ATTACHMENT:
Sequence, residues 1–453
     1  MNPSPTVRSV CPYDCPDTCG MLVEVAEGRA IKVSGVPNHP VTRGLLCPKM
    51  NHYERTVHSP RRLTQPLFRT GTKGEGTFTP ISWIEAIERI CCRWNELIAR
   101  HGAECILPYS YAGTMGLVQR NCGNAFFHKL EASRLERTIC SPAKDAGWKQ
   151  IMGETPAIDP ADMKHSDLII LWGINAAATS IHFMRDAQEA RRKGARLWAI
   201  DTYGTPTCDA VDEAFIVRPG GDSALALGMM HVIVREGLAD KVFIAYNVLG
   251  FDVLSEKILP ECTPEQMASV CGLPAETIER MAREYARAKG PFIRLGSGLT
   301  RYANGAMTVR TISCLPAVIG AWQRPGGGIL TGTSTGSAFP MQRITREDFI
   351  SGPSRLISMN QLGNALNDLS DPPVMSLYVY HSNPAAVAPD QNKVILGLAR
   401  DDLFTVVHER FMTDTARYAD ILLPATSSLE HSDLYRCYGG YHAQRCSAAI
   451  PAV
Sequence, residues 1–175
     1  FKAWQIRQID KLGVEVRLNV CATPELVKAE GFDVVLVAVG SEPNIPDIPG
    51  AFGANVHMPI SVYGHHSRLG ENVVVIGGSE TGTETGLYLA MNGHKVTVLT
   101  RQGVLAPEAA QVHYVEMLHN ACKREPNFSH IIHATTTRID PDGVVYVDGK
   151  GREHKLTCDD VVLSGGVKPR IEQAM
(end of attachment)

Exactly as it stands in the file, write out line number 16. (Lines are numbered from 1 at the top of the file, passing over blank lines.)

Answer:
   151  GREHKLTCDD VVLSGGVKPR IEQAM